SD: So let's talk about your own management background, your experience. It seems that you've had a robust and multifaceted career. Explain your journey and how you got to this point.

AA: I don't know if we have enough to explain my entire journey, but really before founding this business, I was in a similar business where we had an investment advisory firm and working with a lot of ultra high net worth individuals outside of the US that wanted to invest into US private equity, venture capital and primarily into commercial real estate. And so for about 10 years before founding this company that's what I was doing, I was working with family offices and high net worth individuals that wanted to get access to US opportunities. It was my job to identify those opportunities and do all the due diligence and work with them and then ultimately after the acquisition, we were responsible for managing all of those assets as well. So that's where the bulk of my real estate experience ultimately came from.

SD: Is your growth mainly organic, or have you considered over time looking at potential acquisitions? I noticed that there are a lot more companies starting to come up with some interesting real estate concepts.

AA: So we're actualy looking at some acquisitions. Now we're in the midst of some of those discussions. Unfortunately, I can't disclose some of that information just yet but we are, and that's also ultimately part of why we're here. We're looking for strategic partners to really expedite our growth exponentially.

SD: You mentioned today that you came from overseas when you were a teen, and so you are in many cases the American success story and are really, I'm sure, a mentor to many and definitely inspiration. Talk us through the advice you would give anyone that's considering becoming an entrepreneur or interested just in real estate. What advice do you have?

AA: Well, as far as becoming entrepreneur, I'd advise against it. It's a really uphill battle so you really have to be passionate, you really have to be willing to sacrifice a lot to pursue that kind of a career in my opinion, and you really have to not just be passionate about it, but feel that it's part of your calling. Otherwise, don't do it. If you're gonna do it just for the money, then certainly you shouldn't do it. As far as my general business advice, I don't know if I'm in a place to really give advice, but if I were, I'd say that ultimately at the end of the day, it's about creating value and doing that in all of your relationships, be that with employees or customers or investors. As long as you're able to provide something of value to them, those relationships are probably gonna be the ones that will last.

SD: Are you also finding that there's potential growth and a platform for residential real estate on something like this?

AA: There is and in fact there are a number of our competitors that are already pursuing that. They're doing something very similar on the residential real estate front. We decided to focus on commercial for a number of different reasons, one of which is that commercial real estate provide a recurring and very predictable, rental income stream, which residential does not. There's a lot more volatility in rental income with residential, there's potentially long periods of vacancies with the residential real estate. With commercial, typically the types of deals we're looking at have long term leases in place – 10+ years - and so that makes it much easier to predict that income. I could tell my investors what they're gonna be making in year 2025, which is very difficult to do with residential real estate.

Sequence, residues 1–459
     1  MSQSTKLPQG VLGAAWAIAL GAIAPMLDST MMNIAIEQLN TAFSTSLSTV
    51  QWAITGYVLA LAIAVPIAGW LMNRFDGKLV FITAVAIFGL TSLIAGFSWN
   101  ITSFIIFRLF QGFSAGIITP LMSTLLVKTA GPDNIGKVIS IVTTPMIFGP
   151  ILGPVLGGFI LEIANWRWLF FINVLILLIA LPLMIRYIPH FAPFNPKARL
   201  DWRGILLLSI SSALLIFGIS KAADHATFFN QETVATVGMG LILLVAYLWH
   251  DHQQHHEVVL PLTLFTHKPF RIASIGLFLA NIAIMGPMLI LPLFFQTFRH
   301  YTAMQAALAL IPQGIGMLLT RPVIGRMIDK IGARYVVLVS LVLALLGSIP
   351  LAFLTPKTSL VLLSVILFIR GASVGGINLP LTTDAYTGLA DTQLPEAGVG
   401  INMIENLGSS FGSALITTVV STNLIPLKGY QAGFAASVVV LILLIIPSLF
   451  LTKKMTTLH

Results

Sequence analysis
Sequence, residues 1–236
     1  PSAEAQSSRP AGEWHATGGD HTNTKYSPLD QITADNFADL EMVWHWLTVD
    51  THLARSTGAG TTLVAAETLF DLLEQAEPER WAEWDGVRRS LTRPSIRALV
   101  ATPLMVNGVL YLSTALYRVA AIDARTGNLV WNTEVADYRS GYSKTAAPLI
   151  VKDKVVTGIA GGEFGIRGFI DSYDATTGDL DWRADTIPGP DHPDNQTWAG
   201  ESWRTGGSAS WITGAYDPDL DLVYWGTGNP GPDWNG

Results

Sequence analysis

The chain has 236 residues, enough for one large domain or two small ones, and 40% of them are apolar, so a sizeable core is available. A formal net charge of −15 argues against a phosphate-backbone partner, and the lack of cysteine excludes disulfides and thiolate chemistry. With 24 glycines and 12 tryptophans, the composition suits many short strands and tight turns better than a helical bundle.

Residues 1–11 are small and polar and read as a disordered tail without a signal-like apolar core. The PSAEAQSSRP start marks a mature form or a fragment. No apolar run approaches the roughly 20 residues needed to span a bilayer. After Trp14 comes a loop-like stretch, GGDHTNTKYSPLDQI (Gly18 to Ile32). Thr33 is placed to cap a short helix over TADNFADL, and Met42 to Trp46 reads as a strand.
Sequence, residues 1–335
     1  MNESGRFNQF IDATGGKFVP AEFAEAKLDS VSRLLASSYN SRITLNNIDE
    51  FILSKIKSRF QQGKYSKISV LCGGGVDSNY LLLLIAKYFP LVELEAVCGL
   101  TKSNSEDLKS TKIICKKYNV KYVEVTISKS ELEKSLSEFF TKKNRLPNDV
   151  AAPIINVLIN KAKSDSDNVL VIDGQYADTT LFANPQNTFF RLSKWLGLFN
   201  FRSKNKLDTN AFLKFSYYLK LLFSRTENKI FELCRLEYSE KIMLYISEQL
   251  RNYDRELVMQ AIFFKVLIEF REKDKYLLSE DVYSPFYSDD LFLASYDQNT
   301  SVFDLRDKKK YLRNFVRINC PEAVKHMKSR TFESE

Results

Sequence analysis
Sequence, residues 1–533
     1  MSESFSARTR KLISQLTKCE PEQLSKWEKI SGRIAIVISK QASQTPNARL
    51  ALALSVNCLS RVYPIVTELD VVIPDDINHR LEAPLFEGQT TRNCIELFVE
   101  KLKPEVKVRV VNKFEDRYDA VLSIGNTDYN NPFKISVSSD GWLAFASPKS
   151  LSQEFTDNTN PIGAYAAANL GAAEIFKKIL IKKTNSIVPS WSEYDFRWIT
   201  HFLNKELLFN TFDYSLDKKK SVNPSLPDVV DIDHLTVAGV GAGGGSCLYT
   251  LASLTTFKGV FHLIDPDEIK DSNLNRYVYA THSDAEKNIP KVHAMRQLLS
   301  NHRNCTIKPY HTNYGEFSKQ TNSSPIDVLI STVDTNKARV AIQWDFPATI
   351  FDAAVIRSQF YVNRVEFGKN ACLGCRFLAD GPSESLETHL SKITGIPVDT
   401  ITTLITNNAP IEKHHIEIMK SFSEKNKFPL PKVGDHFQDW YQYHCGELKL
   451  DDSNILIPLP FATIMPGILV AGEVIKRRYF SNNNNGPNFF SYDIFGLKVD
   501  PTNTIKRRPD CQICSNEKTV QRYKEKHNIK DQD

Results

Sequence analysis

SD: That’s actually a very good and valid point. You gave us some words of advice for future entrepreneurs, or folks that are interested in residential or commercial real estate. But from a crowd funding standpoint, there are still a lot of misconceptions out there. So for investors looking for crowd funding opportunities, what are some some words of advice?

AA: Well, I think one of the most important things is to look for companies that are very transparent. There are a lot of companies doing business in commercial real estate and crowd funding. We are, as I mentioned, qualified by the SEC. That requires us to disclose all sorts of information. So you can look up my salary, you can look up all sorts of things about all of the assets, what the risks are, and what the returns are. Most companies that are in crowd funding don't have those kinds of requirements since they're not qualified by the SEC, and so as a result, you don't know exactly what you're getting with some of those other players. So my advice would be to do your own due diligence and ultimately to invest in the companies that give you all of that information in a very transparent manner.

SD: Absolutely. Transparency is key and definitely doing your homework. So you're based in Portland, Oregon?

AA: Correct.

SD: Any other locations in the country?

AA: No, right now, just in Portland.

SD: Excellent, well this has been incredibly informative, and I wish you a lot of continued luck and success. Congratulations on your journey.

AA: Thank you very much.

DISCLOSURE: The views and opinions expressed in this article are those of the authors, and do not necessarily represent the views of Readers should not consider statements made by the author as formal recommendations and should consult their financial advisor before making any investment decisions. To read our full disclosure, please go to: